While the total number of Chromebooks sold last year is still unknown, the first quarter of 2016 shows sales that outpaced mac laptops, shipping around 2 million machines.  Today, Chromebooks are much more than just a web browser and with each release they inch toward Mac and Windows level ability and performance.  More basic functionality is baked right in to the operating system including things like printing and being able to organize in folders. However, most programs (in the Chrome web store) are online only and do not work without an internet connection. This is about to change.  In the fall of last year google released the beta version of the Android Play Store for Chrome OS.

chromebook_hero_v2_1417_v2

Pictured above is the new Samsung Chromebook Pro/Plus (Click here for more infomation). It will be the first Chromebook to ship with the non-beta version of the Play Store for Chrome OS.  Co-Developed by Samsung and Google, it is designed to take advantage of all the new features coming soon to Chrome OS.  This new vision essentially combines an Android tablet and a Chrome OS Laptop into one powerful device.  Adding this functionality will be a big step forward into allowing users to move their Chromebooks from an ancillary device to their main device.

The key to Chrome OS is to keep the operating system streamlined and fast but also to add features to make it more robust.  I have put together a wish list for future Chrome OS machines.

Quick Look – Do not disturb

Have you ever turned your phone on silent and forgotten to turn it back on? Did your girlfriend call you ten times then rush over to make sure you weren’t dead?   This can be solved by using “do not disturb” mode.

Just swipe down from the top to reveal your quick settings and click on the button that looks like a circle with a line through it (it also says do not disturb under it).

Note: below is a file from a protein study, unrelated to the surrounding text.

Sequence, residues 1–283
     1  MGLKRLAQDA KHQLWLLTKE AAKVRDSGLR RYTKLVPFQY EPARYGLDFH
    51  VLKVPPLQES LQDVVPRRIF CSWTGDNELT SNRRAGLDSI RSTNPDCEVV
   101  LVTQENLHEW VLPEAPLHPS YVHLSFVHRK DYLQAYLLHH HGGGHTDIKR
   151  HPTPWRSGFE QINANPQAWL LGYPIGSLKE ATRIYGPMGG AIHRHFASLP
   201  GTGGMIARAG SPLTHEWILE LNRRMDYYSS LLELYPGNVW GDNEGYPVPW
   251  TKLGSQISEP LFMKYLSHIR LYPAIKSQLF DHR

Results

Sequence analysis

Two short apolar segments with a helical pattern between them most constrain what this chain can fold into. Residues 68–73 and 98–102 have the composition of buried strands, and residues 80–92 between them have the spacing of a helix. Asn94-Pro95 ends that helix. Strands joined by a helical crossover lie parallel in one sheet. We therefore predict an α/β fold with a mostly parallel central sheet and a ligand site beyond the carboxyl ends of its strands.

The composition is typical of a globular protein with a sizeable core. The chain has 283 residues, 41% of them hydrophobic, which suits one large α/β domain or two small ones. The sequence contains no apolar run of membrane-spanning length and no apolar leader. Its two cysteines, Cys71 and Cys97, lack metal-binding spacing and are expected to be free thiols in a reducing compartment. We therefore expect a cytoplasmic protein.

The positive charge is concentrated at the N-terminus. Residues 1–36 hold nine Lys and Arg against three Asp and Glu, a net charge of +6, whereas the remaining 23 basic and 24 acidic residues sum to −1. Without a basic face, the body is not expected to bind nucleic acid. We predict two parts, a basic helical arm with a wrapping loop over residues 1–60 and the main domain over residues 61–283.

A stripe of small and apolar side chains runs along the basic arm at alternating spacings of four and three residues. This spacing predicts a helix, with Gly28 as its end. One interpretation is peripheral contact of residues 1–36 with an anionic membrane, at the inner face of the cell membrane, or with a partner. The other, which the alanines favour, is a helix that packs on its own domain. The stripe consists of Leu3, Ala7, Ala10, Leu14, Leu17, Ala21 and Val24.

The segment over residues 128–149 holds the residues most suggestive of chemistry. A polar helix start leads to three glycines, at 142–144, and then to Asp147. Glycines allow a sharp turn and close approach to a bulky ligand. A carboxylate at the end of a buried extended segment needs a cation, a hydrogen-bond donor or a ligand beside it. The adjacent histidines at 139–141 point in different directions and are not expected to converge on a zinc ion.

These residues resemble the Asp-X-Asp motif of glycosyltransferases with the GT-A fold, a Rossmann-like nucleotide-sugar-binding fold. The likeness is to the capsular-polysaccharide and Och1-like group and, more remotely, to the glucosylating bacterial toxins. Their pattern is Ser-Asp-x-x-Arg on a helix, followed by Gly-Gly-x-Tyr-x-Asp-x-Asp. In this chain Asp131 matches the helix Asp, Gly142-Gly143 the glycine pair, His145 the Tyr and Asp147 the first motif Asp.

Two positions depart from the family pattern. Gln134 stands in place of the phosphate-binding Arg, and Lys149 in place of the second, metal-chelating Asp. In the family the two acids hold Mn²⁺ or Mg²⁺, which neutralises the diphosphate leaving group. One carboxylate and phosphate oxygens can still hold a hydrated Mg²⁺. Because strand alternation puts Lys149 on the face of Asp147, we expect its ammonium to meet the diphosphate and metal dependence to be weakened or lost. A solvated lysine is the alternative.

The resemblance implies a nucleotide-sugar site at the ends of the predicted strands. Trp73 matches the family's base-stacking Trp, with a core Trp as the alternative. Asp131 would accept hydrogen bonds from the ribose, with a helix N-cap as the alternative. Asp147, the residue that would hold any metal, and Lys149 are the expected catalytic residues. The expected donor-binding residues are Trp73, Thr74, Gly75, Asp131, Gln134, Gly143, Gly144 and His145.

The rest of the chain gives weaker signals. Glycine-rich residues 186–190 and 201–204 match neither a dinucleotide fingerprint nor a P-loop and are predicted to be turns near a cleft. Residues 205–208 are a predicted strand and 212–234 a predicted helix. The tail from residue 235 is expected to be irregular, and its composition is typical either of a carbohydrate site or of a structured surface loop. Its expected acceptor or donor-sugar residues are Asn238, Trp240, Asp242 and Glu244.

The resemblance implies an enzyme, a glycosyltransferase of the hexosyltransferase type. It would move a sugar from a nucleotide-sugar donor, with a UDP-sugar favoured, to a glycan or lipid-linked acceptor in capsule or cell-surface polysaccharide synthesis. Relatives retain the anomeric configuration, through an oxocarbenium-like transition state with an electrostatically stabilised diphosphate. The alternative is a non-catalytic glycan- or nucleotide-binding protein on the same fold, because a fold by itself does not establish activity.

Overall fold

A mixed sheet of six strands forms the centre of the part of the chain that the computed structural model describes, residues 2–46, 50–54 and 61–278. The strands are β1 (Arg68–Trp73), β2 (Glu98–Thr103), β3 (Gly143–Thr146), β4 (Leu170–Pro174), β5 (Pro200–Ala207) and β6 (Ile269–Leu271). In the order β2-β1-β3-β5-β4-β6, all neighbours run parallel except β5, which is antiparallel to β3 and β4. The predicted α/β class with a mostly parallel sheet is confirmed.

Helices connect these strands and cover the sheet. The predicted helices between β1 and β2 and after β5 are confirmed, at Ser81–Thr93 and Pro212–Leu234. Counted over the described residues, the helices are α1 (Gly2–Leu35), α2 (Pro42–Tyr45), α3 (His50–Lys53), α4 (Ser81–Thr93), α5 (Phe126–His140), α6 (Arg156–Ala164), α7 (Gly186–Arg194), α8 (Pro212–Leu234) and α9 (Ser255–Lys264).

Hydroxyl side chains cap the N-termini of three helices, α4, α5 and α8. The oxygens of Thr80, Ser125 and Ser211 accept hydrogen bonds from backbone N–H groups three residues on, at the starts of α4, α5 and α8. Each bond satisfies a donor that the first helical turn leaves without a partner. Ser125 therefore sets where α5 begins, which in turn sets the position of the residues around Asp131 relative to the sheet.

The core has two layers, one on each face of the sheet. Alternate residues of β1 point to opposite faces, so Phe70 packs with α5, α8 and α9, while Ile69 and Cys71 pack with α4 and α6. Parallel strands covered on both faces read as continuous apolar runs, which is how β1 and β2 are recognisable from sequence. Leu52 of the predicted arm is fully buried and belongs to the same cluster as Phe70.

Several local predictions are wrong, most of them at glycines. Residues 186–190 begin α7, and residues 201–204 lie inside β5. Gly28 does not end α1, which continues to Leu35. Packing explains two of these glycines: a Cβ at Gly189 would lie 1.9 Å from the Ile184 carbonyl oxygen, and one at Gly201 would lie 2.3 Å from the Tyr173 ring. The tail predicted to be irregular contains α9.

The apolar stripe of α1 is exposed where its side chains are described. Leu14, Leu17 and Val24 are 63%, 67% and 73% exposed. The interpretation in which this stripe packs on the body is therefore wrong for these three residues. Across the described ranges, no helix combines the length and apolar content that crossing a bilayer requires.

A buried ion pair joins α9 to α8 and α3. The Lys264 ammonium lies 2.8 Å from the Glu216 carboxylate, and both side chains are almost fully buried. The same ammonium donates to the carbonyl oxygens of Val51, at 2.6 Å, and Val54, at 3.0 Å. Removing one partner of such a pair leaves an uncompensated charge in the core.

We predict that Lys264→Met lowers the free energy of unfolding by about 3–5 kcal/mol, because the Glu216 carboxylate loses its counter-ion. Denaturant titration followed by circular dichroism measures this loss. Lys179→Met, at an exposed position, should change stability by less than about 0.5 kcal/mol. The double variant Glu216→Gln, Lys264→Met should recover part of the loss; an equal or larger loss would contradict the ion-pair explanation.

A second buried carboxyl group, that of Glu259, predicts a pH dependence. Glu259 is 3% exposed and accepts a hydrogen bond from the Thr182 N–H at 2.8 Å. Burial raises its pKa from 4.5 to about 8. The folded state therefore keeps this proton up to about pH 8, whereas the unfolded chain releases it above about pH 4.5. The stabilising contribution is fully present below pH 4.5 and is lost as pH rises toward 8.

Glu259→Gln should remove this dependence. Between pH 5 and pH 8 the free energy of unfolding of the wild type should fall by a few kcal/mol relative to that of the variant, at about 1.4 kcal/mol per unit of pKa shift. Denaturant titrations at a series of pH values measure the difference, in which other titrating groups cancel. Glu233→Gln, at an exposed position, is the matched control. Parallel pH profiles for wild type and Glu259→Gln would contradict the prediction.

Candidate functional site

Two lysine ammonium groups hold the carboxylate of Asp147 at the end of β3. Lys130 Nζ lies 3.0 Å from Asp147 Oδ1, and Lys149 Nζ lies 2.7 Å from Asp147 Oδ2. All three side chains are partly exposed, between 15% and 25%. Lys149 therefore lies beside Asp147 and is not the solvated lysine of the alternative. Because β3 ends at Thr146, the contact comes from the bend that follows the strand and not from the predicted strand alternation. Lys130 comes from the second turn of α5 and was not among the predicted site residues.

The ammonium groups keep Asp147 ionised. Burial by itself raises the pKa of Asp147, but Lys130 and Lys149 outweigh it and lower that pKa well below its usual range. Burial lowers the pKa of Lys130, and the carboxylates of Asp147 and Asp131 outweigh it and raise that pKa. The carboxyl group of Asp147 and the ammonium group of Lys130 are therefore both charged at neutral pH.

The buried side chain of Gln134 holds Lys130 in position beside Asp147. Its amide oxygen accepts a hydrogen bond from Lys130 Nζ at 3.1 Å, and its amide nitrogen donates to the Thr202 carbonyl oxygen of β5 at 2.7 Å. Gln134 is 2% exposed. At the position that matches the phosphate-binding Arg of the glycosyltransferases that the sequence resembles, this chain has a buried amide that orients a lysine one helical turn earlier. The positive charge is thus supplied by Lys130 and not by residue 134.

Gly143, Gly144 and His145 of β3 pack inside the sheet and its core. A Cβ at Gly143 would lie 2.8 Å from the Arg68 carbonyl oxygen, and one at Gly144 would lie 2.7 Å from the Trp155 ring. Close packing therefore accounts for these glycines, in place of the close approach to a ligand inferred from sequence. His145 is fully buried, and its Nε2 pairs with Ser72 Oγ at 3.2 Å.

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Then, set the timer for how long  you would like your phone to be silent.

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Once the time is up your phone will automatically go back to regular volume.

You can also set automatic rules, for times when you all ways want the phone not to disturb you. Just click on the “more settings” link at the bottom of the screen. It’s very simple to set up and comes in handy daily.

 

Google Home, just added shopping

Google announced today that the google home will now allow you to order items, just by asking.

To configure this on your Google Home

  1. Open your Google Home app
  2. Open the menu and choose “More Settings”
  3. Scroll to “Payments”
  4. From there set your default card and delivery address
  5. Now you are ready to shop

source – Google

Basics – Chrome OS – Useful Shortcuts

chromebook-pixel

Chromebook Keyboard Shortcuts

Top Row Keys – (From left to right)

Escape key

Back key – Goes back to previous page

Forward Key – Goes forward one page

Refresh Key – Refreshes the page

Immersive Mode – Makes the active window full screen

Window Switcher – Quickly switch between windows

Decrease Brightness – Decreases the screens brightness

Increase Brightness – Increases the screens brightness

Decrease Volume – Decreases the speaker volume

Increase Volume – Increases the speaker volume

Power – Just your average power button

 

Alt + E – Quick access to the Chrome browser menu

Ctrl + Shift + L – Lock your Chromebook

Ctrl + Shift + Q – Log out of your Chromebook

 

Split Screen

Alt + [ – Active program will dock to the left side of your screen

Alt + ]  – Active program will dock to the right side of your screen

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Search + Esc – Launch the Task Manager

Ctrl + Switcher – Takes a screenshot and automatically saves it to your Downloads folder

Ctrl + Shift + Switcher – Takes a screenshot of part of the screen – use the mouse to select that part of the screen that you want to capture